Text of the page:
Tag Archives: at home

baking pride

17 Jul

My name’s Ollie and I’m competitive.  Yes I admit it, if there’s a challenge I’m 100% in, and I’m pretty embarrassing to be around.

I wish this competitive streak had an off button, but unfortunately it doesn’t and it also stretches to the work environment. I don’t think it’s by accident I sit on a desk with one other (very placid) person, isolated from the rest of the team.

Now for some unbeknownst reason there seems to be a big group of  home baking ‘fans’ in our office, who take it in turns to conjure up all manner of amazing goods. Ever so recently this group has turned from sweet toothed (and natured) baking friends into hardcore competitors that makes Iron Chef look like a quaint village fete.

As a loose member of this fraternity (read desperate to belong), any opportunity to try and impress them with my baking skills I’ll bloody take it.

So as it was my placid desk friends 40th Birthday, I thought I’d try and bake a rainbow layer cake. I’d seen a few pics about these online recently, and thought if I wanted to be seen as mover and shaker in the office baking circle this might be my chance..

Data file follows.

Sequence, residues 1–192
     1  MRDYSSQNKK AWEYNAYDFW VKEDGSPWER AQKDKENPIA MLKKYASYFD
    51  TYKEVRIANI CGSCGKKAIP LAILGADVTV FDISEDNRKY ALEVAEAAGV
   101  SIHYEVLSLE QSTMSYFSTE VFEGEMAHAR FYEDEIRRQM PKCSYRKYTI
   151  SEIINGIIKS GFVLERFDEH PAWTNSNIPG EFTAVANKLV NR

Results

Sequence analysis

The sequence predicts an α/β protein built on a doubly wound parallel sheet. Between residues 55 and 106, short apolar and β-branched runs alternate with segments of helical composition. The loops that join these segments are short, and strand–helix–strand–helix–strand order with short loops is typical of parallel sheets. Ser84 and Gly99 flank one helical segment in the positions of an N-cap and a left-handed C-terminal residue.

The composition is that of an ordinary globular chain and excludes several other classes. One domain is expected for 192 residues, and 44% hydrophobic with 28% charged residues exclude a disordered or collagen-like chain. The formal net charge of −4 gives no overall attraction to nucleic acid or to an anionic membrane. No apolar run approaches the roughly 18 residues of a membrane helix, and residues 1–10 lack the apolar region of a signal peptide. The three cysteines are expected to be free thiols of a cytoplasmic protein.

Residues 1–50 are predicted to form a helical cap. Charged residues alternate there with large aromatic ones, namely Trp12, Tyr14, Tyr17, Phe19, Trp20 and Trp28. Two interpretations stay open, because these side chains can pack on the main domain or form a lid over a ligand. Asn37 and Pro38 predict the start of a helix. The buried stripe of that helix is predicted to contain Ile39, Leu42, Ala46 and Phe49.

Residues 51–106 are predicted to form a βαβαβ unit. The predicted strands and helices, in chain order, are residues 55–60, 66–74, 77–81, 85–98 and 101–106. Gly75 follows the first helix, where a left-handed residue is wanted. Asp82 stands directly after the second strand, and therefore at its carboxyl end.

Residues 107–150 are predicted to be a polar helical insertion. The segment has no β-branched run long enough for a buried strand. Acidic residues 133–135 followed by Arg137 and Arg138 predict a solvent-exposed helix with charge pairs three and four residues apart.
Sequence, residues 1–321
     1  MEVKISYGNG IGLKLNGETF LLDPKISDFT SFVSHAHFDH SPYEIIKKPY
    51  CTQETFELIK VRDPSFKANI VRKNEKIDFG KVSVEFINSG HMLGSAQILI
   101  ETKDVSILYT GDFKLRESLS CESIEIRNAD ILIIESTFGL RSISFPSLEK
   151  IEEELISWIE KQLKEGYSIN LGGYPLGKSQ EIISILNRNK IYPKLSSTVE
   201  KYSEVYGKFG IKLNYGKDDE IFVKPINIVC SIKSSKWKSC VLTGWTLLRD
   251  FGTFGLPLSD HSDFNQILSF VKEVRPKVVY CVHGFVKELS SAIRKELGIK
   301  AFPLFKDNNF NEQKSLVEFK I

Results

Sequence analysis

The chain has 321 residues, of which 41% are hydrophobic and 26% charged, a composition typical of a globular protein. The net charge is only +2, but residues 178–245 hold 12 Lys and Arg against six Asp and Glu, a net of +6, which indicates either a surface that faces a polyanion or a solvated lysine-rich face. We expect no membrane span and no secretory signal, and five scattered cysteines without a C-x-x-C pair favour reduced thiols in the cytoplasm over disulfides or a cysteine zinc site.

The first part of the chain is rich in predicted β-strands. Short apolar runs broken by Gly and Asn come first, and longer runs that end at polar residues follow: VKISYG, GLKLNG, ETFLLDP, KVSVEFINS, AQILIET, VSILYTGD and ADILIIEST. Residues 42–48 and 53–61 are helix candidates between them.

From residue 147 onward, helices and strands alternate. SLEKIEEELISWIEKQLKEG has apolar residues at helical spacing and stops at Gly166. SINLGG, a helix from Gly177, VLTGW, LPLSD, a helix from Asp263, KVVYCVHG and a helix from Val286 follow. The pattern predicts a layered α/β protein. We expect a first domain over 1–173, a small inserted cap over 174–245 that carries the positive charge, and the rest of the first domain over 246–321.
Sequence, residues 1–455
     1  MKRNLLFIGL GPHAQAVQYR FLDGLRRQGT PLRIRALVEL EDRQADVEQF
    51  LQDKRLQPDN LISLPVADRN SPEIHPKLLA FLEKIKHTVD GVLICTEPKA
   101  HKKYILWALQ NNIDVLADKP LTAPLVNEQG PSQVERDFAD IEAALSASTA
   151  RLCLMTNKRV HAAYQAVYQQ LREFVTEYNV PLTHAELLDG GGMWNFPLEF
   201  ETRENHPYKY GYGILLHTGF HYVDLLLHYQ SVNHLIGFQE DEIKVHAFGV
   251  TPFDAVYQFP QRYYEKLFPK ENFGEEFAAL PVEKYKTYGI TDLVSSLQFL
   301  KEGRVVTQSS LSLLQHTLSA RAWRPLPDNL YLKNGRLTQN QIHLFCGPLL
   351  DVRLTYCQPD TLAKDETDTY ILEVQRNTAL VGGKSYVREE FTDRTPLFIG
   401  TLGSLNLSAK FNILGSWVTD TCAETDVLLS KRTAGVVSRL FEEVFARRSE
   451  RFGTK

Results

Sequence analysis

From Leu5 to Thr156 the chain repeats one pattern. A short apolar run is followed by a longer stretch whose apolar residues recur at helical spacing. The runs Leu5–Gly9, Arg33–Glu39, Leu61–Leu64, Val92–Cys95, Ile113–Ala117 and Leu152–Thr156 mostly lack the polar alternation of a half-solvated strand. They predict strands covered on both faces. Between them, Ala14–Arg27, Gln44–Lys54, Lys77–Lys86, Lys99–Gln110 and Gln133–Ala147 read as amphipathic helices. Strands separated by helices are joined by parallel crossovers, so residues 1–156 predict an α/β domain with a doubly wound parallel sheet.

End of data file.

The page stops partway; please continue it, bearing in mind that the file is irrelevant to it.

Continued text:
Not the sort of cake you’d bake for anyone with issues about artificial colours (or hyperactivity), but for cutting the cake “wow” factor, its hard to beat.

I think it turned out pretty well – my table mate was pretty ‘proud’ of my efforts and you’ll be pleased to know the baking fraternity are beginning to talk to me a little more…  as too are the LGBT group bizarrely.


diamond jubilee strawberry “easecake”

28 May


We all do stupid things when we’re young, and for me one of the most idiotic (that I’ll divulge here anyway), was thinking it’d be a good idea to take a job picking strawberries for a month or two, so I could pay to go on a surf trip to France.